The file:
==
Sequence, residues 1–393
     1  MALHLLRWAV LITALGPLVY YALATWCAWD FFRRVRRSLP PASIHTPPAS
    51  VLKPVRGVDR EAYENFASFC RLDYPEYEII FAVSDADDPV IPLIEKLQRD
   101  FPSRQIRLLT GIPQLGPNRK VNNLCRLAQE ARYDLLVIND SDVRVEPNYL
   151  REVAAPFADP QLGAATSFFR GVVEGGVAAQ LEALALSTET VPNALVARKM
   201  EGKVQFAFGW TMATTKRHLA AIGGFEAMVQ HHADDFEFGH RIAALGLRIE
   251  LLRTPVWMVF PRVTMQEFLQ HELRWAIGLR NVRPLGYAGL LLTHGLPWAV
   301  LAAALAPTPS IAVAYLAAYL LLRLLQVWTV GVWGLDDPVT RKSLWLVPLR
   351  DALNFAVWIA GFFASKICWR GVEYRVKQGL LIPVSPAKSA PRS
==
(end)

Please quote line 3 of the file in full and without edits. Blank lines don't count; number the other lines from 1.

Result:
    51  VLKPVRGVDR EAYENFASFC RLDYPEYEII FAVSDADDPV IPLIEKLQRD